The use of volatile plant oils, including essential oils, for psychological and physical well-being dates back thousands of years. The ancient Chinese, Egyptians, Greeks and Romans used infused oils and herbal preparations for medicinal, fragrant, cosmetic, even spiritual reasons.
During the late 20th century, people started to relearn the benefits of aromatherapy and these days, aromatherapy's reputation as a soothing, healing art continues to grow. Once you've experienced the odiferous power of aromatherapy's essential oils, you'll keep coming back for more: These gently wafting Odors have the power to stimulate or calm, invigorate or relax.
When you enter this scented world, "there you will find nature in one of its most powerful forms-aromatic liquid substances known as 'essential oils,'" says Valerie Ann Worwood in The Complete Book of Essential Oils and Aromatherapy (Thorsons). Essential oils form what Worwood refers to as the "fragrant pharmacy," a collection of concentrated substances used in pharmaceuticals, foods and cosmetics.
When you sniff the aromas of essential oils, "they enter and leave the body with great efficiency, leaving no toxins behind," Worwood points out. "The most effective way to use essential oils is...by external application or inhalation. The methods used include body oils, compresses, cosmetic lotions, baths-including sitz, hand and foot baths-hair rinses...perfumes...and a whole range of room [scenting] methods."
As Worwood explains, essential oils are produced in various parts of different plants. As a result, it takes a great deal of specialized work to extract essential oils. About 60,000 rose blossoms are consumed in the production of an ounce (!) of rose oil.
Just as the antioxidant phytonutrients we eat in vegetarian foods link our bodies to the health-promoting chemistry of plants, the penetrating nature of essential oils are thought to connect our souls to the essences of flora. "From inside comes the voice and from inside comes the scent," observed the 19th century German doctor Gustav Fechner, quoted by Robert Tisserand in The Art of Aromatherapy (Healing Arts Press). "Just as one can tell human beings in the dark from the tone of voice, so, in the dark, every flower can be recognized by its scent. Each carries the soul of its progenitor."
Fechner believed that the power of essential oils to stir our deepest emotions derives from their function as a vital means of communication in the plant world. As Tisserand asks, can't we imagine that flowers "communicate with each other by the very perfumes they exude, becoming aware of each other's presence?"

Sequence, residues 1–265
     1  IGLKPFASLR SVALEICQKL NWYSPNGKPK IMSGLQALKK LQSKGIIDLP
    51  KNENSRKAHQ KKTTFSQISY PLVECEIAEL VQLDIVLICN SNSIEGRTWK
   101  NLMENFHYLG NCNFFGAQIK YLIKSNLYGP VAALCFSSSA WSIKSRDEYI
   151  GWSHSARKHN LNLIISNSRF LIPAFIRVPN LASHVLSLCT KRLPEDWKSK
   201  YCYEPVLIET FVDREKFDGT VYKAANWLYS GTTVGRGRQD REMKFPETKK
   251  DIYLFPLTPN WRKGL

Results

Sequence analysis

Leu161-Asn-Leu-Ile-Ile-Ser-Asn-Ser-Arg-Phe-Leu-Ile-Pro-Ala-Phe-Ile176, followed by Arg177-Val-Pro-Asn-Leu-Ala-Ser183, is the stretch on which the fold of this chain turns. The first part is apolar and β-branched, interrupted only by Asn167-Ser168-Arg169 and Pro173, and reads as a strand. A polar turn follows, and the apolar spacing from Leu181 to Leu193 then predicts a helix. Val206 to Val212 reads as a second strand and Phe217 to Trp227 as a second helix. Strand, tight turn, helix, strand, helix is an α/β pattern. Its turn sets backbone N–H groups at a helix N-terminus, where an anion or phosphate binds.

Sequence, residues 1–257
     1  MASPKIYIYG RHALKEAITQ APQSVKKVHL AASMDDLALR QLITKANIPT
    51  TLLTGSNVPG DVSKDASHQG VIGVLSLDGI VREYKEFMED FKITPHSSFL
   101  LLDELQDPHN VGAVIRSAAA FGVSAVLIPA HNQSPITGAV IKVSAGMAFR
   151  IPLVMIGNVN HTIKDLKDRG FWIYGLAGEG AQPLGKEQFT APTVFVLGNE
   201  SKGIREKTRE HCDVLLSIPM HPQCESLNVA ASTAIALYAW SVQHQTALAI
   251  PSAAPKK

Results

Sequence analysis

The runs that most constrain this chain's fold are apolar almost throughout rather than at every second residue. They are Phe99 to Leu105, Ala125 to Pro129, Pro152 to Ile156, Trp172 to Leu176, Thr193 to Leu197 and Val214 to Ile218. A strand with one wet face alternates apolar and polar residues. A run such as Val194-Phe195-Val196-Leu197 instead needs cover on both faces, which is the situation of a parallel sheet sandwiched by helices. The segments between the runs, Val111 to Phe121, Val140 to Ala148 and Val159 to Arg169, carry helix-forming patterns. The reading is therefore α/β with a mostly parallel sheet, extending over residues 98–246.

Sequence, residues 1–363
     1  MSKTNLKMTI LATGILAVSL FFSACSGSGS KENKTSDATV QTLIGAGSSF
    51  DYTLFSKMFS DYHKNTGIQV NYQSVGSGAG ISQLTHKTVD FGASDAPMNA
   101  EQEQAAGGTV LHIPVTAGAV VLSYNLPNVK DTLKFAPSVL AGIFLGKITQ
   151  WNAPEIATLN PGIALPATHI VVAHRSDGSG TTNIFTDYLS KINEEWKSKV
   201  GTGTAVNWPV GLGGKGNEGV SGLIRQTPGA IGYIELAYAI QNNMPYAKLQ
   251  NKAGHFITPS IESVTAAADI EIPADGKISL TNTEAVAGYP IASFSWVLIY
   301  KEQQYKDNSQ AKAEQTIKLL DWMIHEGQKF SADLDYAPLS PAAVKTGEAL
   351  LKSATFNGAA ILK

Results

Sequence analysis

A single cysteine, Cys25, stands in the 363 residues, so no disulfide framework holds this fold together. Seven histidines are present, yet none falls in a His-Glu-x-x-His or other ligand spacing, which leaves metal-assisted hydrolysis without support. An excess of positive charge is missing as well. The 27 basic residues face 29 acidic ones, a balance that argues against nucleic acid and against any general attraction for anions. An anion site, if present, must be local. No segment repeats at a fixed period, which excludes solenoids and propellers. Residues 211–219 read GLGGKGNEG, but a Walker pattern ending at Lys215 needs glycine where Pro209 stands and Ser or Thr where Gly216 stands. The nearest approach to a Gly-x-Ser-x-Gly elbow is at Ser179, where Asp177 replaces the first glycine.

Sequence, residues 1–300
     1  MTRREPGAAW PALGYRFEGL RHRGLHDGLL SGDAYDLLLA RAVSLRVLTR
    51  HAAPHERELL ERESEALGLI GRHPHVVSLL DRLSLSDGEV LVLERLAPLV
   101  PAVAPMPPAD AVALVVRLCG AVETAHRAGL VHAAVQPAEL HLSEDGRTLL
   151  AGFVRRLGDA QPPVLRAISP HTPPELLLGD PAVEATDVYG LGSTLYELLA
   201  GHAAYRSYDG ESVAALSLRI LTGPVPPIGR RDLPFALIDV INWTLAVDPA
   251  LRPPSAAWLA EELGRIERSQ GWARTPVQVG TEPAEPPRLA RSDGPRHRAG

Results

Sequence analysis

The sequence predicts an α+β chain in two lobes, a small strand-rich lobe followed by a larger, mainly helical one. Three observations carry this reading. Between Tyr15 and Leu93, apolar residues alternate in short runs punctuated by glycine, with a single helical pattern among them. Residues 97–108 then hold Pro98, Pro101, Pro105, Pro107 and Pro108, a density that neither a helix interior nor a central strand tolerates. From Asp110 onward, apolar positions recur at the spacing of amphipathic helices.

The Science Behind the Scent
While alternative medical practitioners have acknowledged the effectiveness of aromatherapy for thousands of years, only recently have conventional medical researchers begun seriously looking into how this technique works.
For instance, a study of estragole, a chemical found in basil, fennel and tarragon, determined that it could potentially ease back pain by inhibiting inflammation of the sciatic nerve. (The sciatic nerve, the longest nerve in the body, runs from the back down the leg.) The researchers discovered that estragole is "active on nerves," a conclusion that aromatherapy practitioners, who employ the scent of these oils to soothe pain, already knew. Science is verifying another piece of information long known to practitioners-that while certain essential oils can calm you down, others prod your alertness. In a study performed at the University of Northumbria in England, scientists found that sniffing the scent of lavender lulls the human brain into a comfortable, rather stupefied state, while rosemary, in contrast, can sharpen recall.
As the English researchers noted, lavender "produced a significant decrement in performance of working memory, and impaired reaction times for both memory and attention-based tasks." That's probably why the odor of lavender is noted for enhancing sleep. On the other hand, the scientists found that rosemary "produced a significant enhancement of performance for overall quality of memory and secondary memory factors." However, they did point out that under the influence of both of these oils, performance slowed when tackling a battery of memory tests. Apparently, the oils mellowed people so that they had little motivation to rush through the paperwork.
As Frazesca Watson notes in Aromatherapy Blends & Remedies (Thorsons): "The aroma of the oils directly affects our moods and emotions and sometimes our short- and long-term memory. Together with a wide range of physiological benefits, the aroma can help with emotional upsets such as depression, anxiety, nervous tension, anger, apathy, confusion, indecision, fear, grief, hypersensitivity, impatience, irritability, panic and hysteria."
Essential oils are especially helpful at defusing stress. Watson notes, "Treatments with essential oils are therefore very helpful for all sorts of stress-related problems, so common in our modern life."
As scientific research into the effects of these oils continue, conventional medical practitioners are sure to embrace them in increasing numbers. But before there were scientists around to confirm the effects of these wonderful scents, the ancient medical practitioners in Egypt and Greece attributed the origins of aromatherapy to the gods. For many people in today's overstressed world, the relaxing assurance of essential oils certainly seems heaven-s(c)ent.